Canada spends $1 billion to arrest a deaf man
To anyone who watched the G20 circus, the headline isn’t much of a hyperbolic stretch. Here was a country, which spent nearly $1 billion on security measures — greater than any summit’s security budget in the history of the world — and yet footage of burning police cars and shattered store windows played on loop throughout the week on Canadian television.
Where were the cops? How were a handful of fringe protesters able to create this — admittedly limited — havoc?
Naomi Klein proposes an interesting explanation. The state and cops had received widespread criticism for the tremendous amount of cash being dumped into security for this single event (78 percent of Canadians believed that the cost was unjustified,) and when some anarchists lit up their police car, they may have decided to take a long lunch break just to teach everyone a lesson.
So, what happened on Saturday, when you saw those burning cop cars and windows breaking, was what I can only describe as a cop strike. Essentially, they were just letting it happen. And people were watching this, not understanding why, for hours, the same police car was just allowed to burn. I mean, these guys had just bought themselves a brand new water cannon, and yet they couldn’t seem to find themselves a fire extinguisher.
Now, while that was happening, media outlets were getting press statements. And I’ll just read you one. This is from the Toronto Police Department: “All you have to do is turn on the TV and see what’s happening now. Police cars are getting torched, buildings are being vandalized, people are getting beat up, and [so] the so-called ‘intimidating’ police presence is essential to restoring order.” In other words, the police were playing public relations, overtly. They were saying, “OK, you’re telling us our price tag was too high. We’re getting in political trouble for our outrageous demands. So now we’re going to show you this huge threat that we’re up against.” And so, we have a police commissioner named Julian Fantino, who’s now started to talk about activists as organized crime. He says it’s not enough to call them thugs, they’re organized criminals. So, what’s dangerous here is that in order to justify their own unjustifiable actions, they need to overinflate a threat.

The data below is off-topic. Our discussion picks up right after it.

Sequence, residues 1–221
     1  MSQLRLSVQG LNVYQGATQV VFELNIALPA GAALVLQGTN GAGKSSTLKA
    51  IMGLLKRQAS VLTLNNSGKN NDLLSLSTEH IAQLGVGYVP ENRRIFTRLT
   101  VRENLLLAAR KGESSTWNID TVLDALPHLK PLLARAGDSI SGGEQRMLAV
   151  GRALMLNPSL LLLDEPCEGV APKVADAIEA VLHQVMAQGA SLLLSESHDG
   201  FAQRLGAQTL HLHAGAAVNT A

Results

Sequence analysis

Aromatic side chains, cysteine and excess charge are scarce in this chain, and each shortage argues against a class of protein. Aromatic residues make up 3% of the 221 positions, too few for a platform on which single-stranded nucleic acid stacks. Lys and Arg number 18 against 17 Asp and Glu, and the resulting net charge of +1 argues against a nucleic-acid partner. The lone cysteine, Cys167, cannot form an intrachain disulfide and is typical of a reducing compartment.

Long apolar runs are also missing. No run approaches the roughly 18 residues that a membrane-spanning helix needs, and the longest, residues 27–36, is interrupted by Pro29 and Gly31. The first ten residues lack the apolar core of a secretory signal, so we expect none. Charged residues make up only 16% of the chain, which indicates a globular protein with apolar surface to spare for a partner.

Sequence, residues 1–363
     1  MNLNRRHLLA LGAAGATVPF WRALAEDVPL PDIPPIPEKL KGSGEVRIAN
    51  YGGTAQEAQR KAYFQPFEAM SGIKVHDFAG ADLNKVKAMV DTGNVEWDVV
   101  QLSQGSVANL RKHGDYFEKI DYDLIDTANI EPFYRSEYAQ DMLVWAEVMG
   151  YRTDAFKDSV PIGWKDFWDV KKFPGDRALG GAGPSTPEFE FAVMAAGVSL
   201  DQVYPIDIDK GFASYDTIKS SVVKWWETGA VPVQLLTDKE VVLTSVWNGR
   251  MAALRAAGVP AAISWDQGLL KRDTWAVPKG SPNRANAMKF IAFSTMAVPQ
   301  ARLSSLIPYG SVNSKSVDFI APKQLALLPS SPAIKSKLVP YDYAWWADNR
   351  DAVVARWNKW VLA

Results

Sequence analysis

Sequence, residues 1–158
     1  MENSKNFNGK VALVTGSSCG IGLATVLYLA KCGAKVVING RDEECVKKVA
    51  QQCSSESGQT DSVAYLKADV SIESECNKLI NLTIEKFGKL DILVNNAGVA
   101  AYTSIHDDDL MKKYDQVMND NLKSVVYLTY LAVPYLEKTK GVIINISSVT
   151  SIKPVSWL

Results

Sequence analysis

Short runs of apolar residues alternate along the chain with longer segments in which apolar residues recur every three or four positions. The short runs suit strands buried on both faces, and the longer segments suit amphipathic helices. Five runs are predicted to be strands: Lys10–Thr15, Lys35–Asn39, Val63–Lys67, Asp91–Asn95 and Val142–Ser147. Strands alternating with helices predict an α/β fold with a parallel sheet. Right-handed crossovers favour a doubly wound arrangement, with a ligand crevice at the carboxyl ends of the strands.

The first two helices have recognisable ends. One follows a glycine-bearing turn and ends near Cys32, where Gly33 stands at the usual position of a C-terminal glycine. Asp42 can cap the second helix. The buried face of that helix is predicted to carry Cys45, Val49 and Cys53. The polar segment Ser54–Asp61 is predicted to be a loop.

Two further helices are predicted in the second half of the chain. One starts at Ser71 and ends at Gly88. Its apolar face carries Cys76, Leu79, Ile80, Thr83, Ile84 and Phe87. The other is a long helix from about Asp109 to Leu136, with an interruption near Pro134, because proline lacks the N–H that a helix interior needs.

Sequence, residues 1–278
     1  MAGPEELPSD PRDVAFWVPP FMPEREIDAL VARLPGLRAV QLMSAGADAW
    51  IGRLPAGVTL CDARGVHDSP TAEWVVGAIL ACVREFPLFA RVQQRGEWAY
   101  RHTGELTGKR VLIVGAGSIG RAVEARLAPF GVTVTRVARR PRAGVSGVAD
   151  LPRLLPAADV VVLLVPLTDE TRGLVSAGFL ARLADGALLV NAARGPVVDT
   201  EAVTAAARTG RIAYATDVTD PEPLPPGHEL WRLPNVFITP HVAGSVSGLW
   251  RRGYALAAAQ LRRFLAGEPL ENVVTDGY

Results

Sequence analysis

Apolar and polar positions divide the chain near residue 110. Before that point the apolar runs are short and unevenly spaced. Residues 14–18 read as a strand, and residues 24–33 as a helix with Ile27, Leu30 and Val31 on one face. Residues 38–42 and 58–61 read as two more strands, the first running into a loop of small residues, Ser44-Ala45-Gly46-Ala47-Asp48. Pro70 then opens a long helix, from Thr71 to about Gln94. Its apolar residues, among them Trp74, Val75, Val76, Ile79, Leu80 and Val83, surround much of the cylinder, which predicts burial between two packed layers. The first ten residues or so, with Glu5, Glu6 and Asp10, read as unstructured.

Here, Klein clearly explains how the state justifies its own actions by exaggerating a threat (as she points out, Canada is used to seeing more violence during hockey riots – during one such riot, sixteen cop cars were set on fire).
Any rational person should be able to understand that the “problem” of protesters is fully manageable, and a “black bloc” of anarchists (some of who are real, and some of who may be agent provocateurs) does not justify spending $1 trillion during a global recession.
Okay, so if the police weren’t using all that money to protect stores, or even their own vehicles, what were they doing?
Oh, right. This:
Deaf restaurant kitchen worker Emomotimi Azorbo was granted bail Saturday after being charged the previous day with assaulting Toronto Police at a downtown G20 protest.
Friends claim he was not a demonstrator.
Azorbo, 30, stumbled into several bicycles after getting into a shoving match with officers at a bicycle barrier set up to stop the progress of yelling, screaming marchers.
“He was in the wrong place at the wrong time,” Gary Malkowski, advisor to the president of the Canadian Hearing Society, said in an interview.
Malkowski said Azorbo was crossing the intersection to buy a bottle of water at a variety store and could not understand police orders.
He is charged with three counts of assaulting police plus resisting arrest.
So I guess Canadian citizens can take comfort in the knowledge that they collectively shelled out $1 billion to ensure the world’s elite could dine in peace, and not be bothered by protesters singing their nation’s anthem, quizzical journalists, or deaf people.